David Kershaw said that the financial side of the project would stack up. He said Martinborough was a "flourishing tourist town but needs to think bigger".
Mr Kershaw said the Waihinga Centre had the potential be successful like the Carterton Events Centre.
Frank Cornelissen said the overwhelming majority of businessmen supported the project.
"Anyone in town who has a genuine business and doesn't support it needs their head read."
Mrs Staples acknowledged it was a big decision and not everyone in the community would support the decision made.
"I do not believe that we have heard anything new from our public participation today. I do not agree that the building is an earthquake risk, we have used the highest-quality consultants that we could possibly afford."
Mrs Staples said the project had "considerable support" based on the grants given for the cause.
Greytown ward councillor Margaret Craig said it was important to preserve the town hall, which had the best acoustics in Wairarapa, "and quite possibly the best in New Zealand".
Featherston councillor Dean Davies sought confirmation from SWDC chief executive Paul Crimp that adequate contingency funding was in place, including inflation allowance.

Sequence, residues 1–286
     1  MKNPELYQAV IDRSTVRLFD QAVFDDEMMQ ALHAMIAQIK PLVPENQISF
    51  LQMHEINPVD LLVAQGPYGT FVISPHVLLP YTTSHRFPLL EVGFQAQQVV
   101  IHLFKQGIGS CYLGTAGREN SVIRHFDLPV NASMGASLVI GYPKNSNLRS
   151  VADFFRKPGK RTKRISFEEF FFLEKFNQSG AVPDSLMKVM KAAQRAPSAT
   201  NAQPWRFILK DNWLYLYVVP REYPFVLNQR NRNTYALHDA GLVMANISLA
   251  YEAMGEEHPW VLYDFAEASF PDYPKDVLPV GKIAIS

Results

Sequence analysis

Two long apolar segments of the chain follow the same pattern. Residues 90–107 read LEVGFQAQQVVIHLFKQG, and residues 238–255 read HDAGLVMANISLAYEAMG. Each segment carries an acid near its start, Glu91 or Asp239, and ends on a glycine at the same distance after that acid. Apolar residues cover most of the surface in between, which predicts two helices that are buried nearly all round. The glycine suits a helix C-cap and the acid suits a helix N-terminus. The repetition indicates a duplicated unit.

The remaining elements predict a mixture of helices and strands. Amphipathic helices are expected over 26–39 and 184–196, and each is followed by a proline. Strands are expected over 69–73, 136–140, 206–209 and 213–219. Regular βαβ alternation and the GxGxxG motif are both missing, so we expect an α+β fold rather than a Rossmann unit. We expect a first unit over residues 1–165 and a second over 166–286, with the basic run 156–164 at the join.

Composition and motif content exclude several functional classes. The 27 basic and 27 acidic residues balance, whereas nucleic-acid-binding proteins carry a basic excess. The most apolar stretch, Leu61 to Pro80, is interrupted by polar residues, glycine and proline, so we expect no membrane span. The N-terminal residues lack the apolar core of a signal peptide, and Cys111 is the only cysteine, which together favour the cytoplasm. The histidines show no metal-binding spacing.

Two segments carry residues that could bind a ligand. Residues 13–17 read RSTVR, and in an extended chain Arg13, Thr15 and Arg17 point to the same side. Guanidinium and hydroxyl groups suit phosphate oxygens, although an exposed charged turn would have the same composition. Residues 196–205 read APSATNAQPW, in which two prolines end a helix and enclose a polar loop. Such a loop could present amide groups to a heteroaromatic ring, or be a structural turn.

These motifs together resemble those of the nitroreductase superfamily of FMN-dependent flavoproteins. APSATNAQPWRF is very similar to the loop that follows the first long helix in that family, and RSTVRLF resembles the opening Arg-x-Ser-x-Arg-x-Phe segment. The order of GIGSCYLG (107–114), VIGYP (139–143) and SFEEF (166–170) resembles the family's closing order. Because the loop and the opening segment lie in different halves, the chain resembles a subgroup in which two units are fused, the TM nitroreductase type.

Martinborough councillor Brian Jephson said as a businessman he could see real gains for South Wairarapa and that the sale of unwanted land could be used for the building project making the dispute "a bit of a no- brainer".
Greytown councillor David Montgomerie said the list of those supporting the Waihinga Centre, including Plunket, the Toy Library, librarians and schools highlights those who would get good use out of the building in future years.
Deputy mayor Viv Napier said as far as criticism over consultation was concerned, a whole range of people in the community had had their say in various ways.
"We can't individually ring every ratepayer on every issue -- it would drive them round the bend."
Mrs Napier said the refurbishment of the Greytown Town Centre had been very much vilified by some people, as had the Carterton Events Centre, but those people now admit they were wrong.
Featherston councillor Colin Olds said if the project was delayed or there was a pause, council would be missing an opportunity because the momentum would be lost.
Martinborough councillor Julie Riddell said the town hall had been built in 1912 by founding fathers with foresight.
She said it had been a place that many people had enjoyed social engagements in and to restore it would be a fantastic asset that would attract a lot more social events, especially musical ones.
Featherston councillor Solitaire Robertson said she would be very troubled to see a project like this dropped.
She was looking forward to seeing it finished, despite "utterly disgusting" behaviour used by some people trying to discredit it.
Martinborough councillor Max Stevens payed tribute to Masterton builder and developer David Borman, who he said had been an inspiration by giving his service to the project without cost.